Credit Facilities are a critical tool for all non-bank lenders in today’s fast paced credit market. These lending relationships come in all shapes and sizes, including warehouse lines, repo facilities, term loans, subscription lines, and facilities with hybrid characteristics.

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Credit Facilities are a critical tool for all non-bank lenders in today’s fast paced credit market. These lending relationships come in all shapes and sizes, including warehouse lines, repo facilities, term loans, subscription lines, and facilities with hybrid characteristics of any of the above, for both commercial and residential lenders.

A well-structured facility expands lending capacity, accesses a lower cost of funds and increases ROI through leverage.

Subscription lines and some warehouse and repo lines are designed for very short-term use, allowing aggregation of enough loans for securitization or the issuance of a CLO (with even lower costs of permanent capital). Typically, these gestation lines will be for 30 to 120 days at a time to facilitate someone’s lending business with recycling features.

Warehouse and term credit facilities also allow for purchases of pools of performing or non-performing whole loans from the secondary market, to extract loans from a lender’s own CLO or to leverage REO assets acquired via foreclosure or a deed-in-lieu.

These acquisition facilities are usually made for a 2 to 3-year term to allow a lender maximum flexibility to restructure a nonperforming loan, seasoning of the reperforming loan and subsequent redeposit into a CLO.  The added benefit is providing a borrower sufficient time to finish its business plan or conduct a sale or refinancing process to take out the existing lender.

It is critical to arrange these complex facilities when a lender CAN versus when a lender NEEDS TO.  The lender then has this tool in its quiver at when the world goes crazy due to COVID, war, political instability, or hyper-inflation.

The extra leverage of structured credit facilities provides lower cost of capital dry powder to play offense when others may be running for cover.

High Street Retail in SoHo: Up, Down or Sideways

David Tobin, Senior Managing Director

Up, down or sideways? What’s happening in Manhattan’s world famous SoHo neighborhood? Are rents going down? Watch to learn about the trends we see developing right now in the high-end boutique leasing market. Share this with anyone who follows Manhattan real estate.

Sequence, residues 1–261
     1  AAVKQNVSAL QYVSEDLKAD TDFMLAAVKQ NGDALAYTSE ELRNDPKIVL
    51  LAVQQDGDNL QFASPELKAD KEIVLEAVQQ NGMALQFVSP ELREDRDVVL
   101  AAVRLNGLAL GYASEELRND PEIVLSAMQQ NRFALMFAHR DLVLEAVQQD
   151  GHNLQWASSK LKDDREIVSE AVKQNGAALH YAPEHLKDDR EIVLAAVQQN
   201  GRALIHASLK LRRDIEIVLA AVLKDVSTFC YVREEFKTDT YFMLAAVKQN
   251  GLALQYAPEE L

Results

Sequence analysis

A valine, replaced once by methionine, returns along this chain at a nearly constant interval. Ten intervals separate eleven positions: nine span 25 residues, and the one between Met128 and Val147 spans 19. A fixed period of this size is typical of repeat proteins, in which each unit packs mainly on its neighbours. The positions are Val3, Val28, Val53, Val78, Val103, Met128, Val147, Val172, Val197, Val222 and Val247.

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Real estate nerds like me love a great site tour. And there are no better sites to tour than High Street retail in markets like San Francisco, Santa Monica and New York City. While Manhattan sub-market rents in Meatpacking and Bleecker Street appear to be permanently lower, one market that is demonstrating resilience is the Soho District of Manhattan. The key high-end boutique corridor in SoHo is Mercer Street, home to the Mercer Hotel, the Fanelli Cafe, & many cutting edge boutiques.

Last dollar psf debt loads on certain retail condominiums in Soho have approached $4000 to $5000 per square foot.  Because of this, we have seen a number of sub and non-performing loans secured by retail condominiums trade in the secondary market, particularly cash out refinance loans predicated on rents between $500 psf and $750 psf.

We walked on Mercer Street corridor to figure out what is fantasy and what is reality in the post Covid leasing market.

In addition to following reported leases, one way to read the tea leaves is to read the construction permits posted on the front of buildings undergoing retail tenant improvements.

Recent leasing activity includes Softbank-backed Vuori, a take on LuluLemon, with 6,000 sf at 95 Mercer and a new build out of an existing boutique by Tory Burch. Additionally, we were able to identify at least four more spaces that have been leased and are under construction totaling nearly 22,000 sf.

49 Mercer- 7,750sf – signed July 2021 -no rent or tenant listed
53 Mercer- 6,100sf – signed sep 2021 – $225 PSF – F.P Journe – 10 years
77 Mercer- 5,100sf – signed December 2021 – no rent or tenant listed
149 Mercer- 3,600sf – Signed Feb 2022 – no rent or tenant listed

These include 49 Mercer, 53 Mercer, 77 Mercer, 149 Mercer.

The reported rents on these new leases range from around $250 per square foot to north of $500 per square foot.

At the same time however, we noted signs advertising active pop-up retail leasing opportunities.

Retail is very block-specific in Soho so it remains to be seen whether the consensus rent in the $250 per square foot range becomes the norm or if key spaces continue to touch $500 psf.  One factor is clear, basements don’t necessarily count anymore toward the headline rent per square foot figure.

Look for our compare and contrast analysis of occupancy on a block-by-block store-by-store basis from summer 2021 to summer 2022.  We will try to figure out the macro trends in this micromarket.

Gateway Cities

David Tobin, Senior Managing Director

In our latest video, David Tobin, Senior Managing Director, discusses expectations and trends he’s spotted in Gateway City loans (that’s New York, Los Angeles and San Francisco, in particular), and what this means for Loan Sales in 2022.